“The crossing is going very well. We’re in the midst of the usual fog in these parts. We were sorry to hear about Musandam Oman Sail’s capsize, which happened in our immediate vicinity. We’re sailing in 15 knots of wind and the seas are quite choppy. We’re battling against the Class40s and giving it our all, while trying to conserve energy with the manoeuvres. We’ve brought in a watch system on board and the shifts are working out well. It’s cold, especially at night. We can’t wait for the sun to come out again.”
Thierry Bouchard – Ciela Village
“We’re on the approach to Ireland and have heard the bad news about Musandam Oman Sail. We know how dangerous these multihulls of ours can be. As far as we’re concerned, we’ve had some pretty fast conditions on board, but nothing too risky and hard to handle. Here aboard Ciela Village, we don’t have the same sail configuration as our stablemates. It hasn’t always worked to our advantage, but we’re fighting it out until the bitter end. There’s going to be a transition period on the way in to Ireland and lots of things can still happen as we head into the English Channel. While I hail from the Mediterranean, I’m quite familiar with the Brittany coast thanks to racing plenty of times in the Tour de France.”
Victorien Erussard – Solidaires En Peloton – ARSEP
“Yesterday was really disheartening. We lost our medium spinnaker, the right foresail for the conditions, and that cost us a good thirty miles off the head of the fleet. The SPI fell into the water when a strap between the sail, the sock, and the halyard broke. We tried our best to recover it, but it was already caught underneath the boat. In a nutshell: one torn, unusable spinnaker and one broken bowsprit (the pole at the front of the boat holding the bottom of the foresail in position). Fortunately, we had a spare on board, but it took time to get that ready and set it up. Then we didn’t have the right sail to get going again quickly. Thibaut had to scale the mast to fix the Code Zero halyard. Since then, we’ve made a comeback and have clawed our way back into fifth place by passing downwind of the pack. There’s plenty of hope yet, and we’re not giving up. The wind is forecast to drop and that means we’ll have the right sails again for the angle and strength of the wind.”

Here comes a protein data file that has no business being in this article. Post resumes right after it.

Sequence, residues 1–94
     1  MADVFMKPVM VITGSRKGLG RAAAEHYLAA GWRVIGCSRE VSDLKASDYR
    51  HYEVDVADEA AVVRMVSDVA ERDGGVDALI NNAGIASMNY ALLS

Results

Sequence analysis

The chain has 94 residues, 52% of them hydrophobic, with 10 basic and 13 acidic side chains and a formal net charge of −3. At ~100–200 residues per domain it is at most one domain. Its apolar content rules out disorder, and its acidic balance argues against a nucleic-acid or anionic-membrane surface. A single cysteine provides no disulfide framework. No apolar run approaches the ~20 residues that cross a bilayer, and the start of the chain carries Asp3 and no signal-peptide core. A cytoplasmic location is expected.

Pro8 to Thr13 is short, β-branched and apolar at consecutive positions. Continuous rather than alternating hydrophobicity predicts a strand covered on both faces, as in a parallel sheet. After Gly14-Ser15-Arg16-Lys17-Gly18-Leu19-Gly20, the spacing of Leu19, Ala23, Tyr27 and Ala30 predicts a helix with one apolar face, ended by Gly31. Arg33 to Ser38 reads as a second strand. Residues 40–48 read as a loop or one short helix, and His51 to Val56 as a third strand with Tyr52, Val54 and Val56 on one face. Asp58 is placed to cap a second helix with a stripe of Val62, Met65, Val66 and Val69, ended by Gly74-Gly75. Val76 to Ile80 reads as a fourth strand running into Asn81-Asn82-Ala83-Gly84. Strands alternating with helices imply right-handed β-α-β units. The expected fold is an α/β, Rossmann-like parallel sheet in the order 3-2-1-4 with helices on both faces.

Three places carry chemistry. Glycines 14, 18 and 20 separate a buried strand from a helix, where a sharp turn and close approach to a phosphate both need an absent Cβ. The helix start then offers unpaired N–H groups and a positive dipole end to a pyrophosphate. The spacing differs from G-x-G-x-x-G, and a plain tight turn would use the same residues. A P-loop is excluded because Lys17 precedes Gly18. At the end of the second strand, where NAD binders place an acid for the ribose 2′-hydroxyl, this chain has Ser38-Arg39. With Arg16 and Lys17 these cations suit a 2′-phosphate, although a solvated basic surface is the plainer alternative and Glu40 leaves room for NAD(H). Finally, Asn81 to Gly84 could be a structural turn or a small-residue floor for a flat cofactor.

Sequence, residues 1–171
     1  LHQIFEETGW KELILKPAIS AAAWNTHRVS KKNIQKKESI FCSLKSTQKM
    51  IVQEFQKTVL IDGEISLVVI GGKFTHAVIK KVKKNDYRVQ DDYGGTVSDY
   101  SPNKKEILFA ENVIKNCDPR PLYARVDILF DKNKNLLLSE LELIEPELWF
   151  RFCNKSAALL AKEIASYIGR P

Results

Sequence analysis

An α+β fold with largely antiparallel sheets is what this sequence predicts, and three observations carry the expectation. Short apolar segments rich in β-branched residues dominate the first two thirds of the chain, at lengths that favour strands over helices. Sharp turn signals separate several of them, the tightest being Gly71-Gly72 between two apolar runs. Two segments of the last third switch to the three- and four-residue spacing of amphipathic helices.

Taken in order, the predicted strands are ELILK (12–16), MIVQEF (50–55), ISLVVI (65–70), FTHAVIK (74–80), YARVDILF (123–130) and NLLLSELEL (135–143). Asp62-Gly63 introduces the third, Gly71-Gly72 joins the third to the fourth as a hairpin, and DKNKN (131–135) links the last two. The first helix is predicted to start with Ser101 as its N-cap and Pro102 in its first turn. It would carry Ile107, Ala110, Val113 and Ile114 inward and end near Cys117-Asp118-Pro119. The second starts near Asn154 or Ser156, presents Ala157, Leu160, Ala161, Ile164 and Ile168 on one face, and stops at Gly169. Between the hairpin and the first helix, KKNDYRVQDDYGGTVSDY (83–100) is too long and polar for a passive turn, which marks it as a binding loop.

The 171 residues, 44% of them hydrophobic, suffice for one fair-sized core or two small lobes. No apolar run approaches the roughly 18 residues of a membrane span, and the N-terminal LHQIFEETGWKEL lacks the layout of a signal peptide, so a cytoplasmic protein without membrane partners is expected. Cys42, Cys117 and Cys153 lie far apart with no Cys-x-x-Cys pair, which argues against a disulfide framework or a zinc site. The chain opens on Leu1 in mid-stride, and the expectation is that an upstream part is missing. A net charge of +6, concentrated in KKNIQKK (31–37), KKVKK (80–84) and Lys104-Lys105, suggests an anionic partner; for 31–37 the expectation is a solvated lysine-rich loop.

Brieuc Maisonneuve – Ellipse
“All is well, despite the loss of our medium SPI. Since then it’s been pretty high-octane stuff flying the SPI. It’s a lot of fun sparring with the others out here. It’s cold, though, and the only duvet we have on board is like a washcloth. We’re manning the helm around the clock. The fog lifted this morning to reveal slightly overcast conditions. We’re working hard to make up for losing that sail, but we’re having a blast. We clocked 27 knots surfing one wave as we went past Saint Pierre. That was pretty sweet!”
Alexandre Schwed – Matouba
“We’ve still got more than 20 knots of southwesterly wind here, and we’re flying the SPI in the fog. It really is damp out there. We had some mainsail issues and had to stop at Saint Pierre to fix it. The folks in Saint Pierre gave us such a fantastic welcome, and we set off again on top form. We’re trying to catch up with the pack now and are spending lots of time at the helm, especially at night. The swells are smooth and we’re surfing our way along.”
Karine Fauconnier – Arkema
“Whereas it was impossible to sum up the St. Lawrence leg in a single word, the North Atlantic is living up to its reputation and there’s only one word for it: damp. We’re speeding over the waves, surfing the swell and getting pretty wet. We’ve only pearled a couple of times. But it’s a fast race, compared to the English Transat Lalou’s just done going the other way. It’s hard for us to take a look at the groove we’re wearing on the chart and imagine sailing the same course upwind—eek! Thanks, Lalou, for bringing the boat across to America for us against wind and tide so we can enjoy taking the fast lane home again. Actually, our skipper’s only too happy to take his shift at the helm and push the dials up over 25 knots. What a great race this is—and the finish is going to be intense as well, with the lighter conditions waiting just around the corner.”
Estimated arrival times, subject to change
– Multi50: Wednesday July 20 – Early hours of the morning
– Ultimate Class: Wednesday July 20 – Early morning
– Class40: Saturday July 23 – Midday
All programming information and details on registered crews can be found online at website.
by Dominique Jobin